Overwhelming Yes vote shows a 'changing Ireland'
Published 26/05/2015 | 00:00
After Wexford returned a landslide yes vote for marriage equality Government Chief Whip Paul Kehoe said it was 'democracy at work' while Deputy John Browne said it is 'a changing Ireland'.
'It's brilliant that the people of Ireland had the opportunity to vote on such an issue which originated in the constitutional convention. Over the last six or seven weeks we have had a lot of debate. I thought some of the issues raised didn't touch on the referendum at all. I don't think the sky is going to fall in on Tuesday morning because we have voted this through.
'I want to congratulate all those who came out to vote, young and old. There was a huge turnout because it was a social question that Ireland was being asked. We are the first country as a whole to ever vote on this issue. I hope that the young people who came out to vote, many of them for the first time, continue to exercise their democratic right in every election. Their forefathers fought hard for the right to vote and I think it is very important for people to vote.
'The number of people who were added to the supplementary register was absolutely unbelievable. People wanted to play a part in this.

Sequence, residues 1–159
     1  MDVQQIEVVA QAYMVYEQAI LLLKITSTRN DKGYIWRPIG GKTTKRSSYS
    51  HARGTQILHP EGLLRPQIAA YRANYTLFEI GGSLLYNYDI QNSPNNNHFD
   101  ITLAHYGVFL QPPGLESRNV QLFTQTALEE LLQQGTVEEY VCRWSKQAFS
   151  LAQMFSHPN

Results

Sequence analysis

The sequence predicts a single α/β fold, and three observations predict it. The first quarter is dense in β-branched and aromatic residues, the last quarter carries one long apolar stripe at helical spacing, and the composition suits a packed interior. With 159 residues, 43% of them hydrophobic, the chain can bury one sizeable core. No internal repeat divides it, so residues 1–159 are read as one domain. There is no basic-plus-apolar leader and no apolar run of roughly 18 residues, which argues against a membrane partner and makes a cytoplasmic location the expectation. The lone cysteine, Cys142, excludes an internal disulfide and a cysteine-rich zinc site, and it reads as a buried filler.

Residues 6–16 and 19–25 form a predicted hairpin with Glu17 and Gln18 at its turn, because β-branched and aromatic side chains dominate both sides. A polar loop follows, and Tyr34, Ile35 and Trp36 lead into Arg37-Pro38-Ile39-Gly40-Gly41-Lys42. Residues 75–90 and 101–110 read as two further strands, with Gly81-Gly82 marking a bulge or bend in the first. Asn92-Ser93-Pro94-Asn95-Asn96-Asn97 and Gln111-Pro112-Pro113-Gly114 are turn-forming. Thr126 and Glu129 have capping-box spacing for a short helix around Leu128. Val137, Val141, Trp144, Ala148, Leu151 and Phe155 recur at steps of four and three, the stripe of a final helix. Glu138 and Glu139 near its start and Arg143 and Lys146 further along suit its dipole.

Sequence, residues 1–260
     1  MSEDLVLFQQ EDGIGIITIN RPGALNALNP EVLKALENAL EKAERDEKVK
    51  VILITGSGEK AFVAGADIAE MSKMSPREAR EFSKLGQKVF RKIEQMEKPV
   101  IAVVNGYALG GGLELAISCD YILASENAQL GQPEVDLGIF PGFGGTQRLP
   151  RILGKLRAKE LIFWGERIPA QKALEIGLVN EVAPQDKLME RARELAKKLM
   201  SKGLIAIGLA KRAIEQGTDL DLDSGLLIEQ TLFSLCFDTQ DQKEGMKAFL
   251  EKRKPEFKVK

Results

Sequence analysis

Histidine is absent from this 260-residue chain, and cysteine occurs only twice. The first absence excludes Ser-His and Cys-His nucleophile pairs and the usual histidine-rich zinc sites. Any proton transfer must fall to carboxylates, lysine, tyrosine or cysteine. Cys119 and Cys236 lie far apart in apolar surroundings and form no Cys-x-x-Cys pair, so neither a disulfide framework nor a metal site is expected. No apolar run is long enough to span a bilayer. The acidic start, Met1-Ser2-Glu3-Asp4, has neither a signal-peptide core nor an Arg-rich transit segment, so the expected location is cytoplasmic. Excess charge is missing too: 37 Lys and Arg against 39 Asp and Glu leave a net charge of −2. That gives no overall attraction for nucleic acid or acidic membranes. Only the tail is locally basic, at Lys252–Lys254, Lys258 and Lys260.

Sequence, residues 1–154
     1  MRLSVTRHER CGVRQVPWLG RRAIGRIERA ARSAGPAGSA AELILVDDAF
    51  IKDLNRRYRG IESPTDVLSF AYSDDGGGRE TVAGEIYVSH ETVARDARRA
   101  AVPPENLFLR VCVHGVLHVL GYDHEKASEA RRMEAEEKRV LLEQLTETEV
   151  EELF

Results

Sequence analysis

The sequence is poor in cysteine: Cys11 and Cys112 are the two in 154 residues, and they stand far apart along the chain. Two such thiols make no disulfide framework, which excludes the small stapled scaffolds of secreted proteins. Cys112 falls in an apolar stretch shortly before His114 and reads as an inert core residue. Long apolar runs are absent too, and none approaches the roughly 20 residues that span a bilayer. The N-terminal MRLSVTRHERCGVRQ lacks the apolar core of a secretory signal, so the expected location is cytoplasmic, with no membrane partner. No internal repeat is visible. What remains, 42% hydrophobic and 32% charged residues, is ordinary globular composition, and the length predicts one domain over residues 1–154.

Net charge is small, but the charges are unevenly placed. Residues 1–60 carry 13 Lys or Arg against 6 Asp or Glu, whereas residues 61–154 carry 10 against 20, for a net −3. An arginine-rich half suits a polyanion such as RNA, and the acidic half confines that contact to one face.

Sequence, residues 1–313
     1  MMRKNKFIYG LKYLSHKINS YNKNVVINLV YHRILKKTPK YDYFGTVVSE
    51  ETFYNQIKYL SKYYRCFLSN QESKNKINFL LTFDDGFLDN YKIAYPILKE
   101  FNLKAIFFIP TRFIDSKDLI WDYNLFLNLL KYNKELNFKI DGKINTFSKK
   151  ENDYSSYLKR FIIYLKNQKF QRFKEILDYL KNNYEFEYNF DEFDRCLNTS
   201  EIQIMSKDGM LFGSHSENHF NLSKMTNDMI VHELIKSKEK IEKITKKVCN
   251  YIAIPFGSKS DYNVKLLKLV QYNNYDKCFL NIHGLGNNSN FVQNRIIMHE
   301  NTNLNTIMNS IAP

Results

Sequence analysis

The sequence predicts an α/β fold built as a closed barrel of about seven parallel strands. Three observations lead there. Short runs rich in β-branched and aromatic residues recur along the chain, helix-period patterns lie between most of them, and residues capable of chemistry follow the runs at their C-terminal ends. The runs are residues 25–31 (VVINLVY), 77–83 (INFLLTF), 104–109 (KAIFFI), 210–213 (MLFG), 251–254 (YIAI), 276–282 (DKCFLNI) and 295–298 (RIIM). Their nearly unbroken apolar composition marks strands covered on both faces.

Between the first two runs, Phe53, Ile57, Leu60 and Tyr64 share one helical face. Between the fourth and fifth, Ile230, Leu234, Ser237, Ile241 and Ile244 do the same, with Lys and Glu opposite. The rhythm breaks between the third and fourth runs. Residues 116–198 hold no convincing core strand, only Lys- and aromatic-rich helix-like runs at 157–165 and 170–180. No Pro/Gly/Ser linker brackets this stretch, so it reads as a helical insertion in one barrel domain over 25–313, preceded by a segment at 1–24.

A lot of people came home to vote and I commend them too. They felt strongly enough about the issue to give of their time and money to come home to vote. People came from America, Canada, Australia, England, Scotland, Wales, the EU and from all over to vote.
'Some people are critical of people coming home to vote but I absolutely am not. It is their right as Irish citizens to vote.
'People talked about a silent no vote but by the same token I believe there was also a silent yes vote. People talked about people being afraid to vote No but I think the same argument applies to the yes voters too.'
Deputy Kehoe also praised the Yes Equality campaign saying they 'ran a very dignified campaign and it wasn't in your face. A lot of people started out voting No but ended up voting yes for a number of different reasons. It wasn't just young people voting yes either.
A large amount of older people voted yes too. They voted for equality, happiness, for making people happy in themselves and for letting people be true to themselves.
'From talking to families every family has their own tale to tell. People have their own stories and they are very personal. I believe this played a major part in this. In years to come we will realise what we did in this historic vote. We are becoming a fast moving society.
Deputy John Browne said he wasn't surprised by the vote and said it was 'democracy at its best. It's a changing Ireland. This was about people making up their own minds and not being brainwashed by the Church or by political parties. A lot of young people came out to vote too which was great. I think that young people are more inclined to vote on social issues.'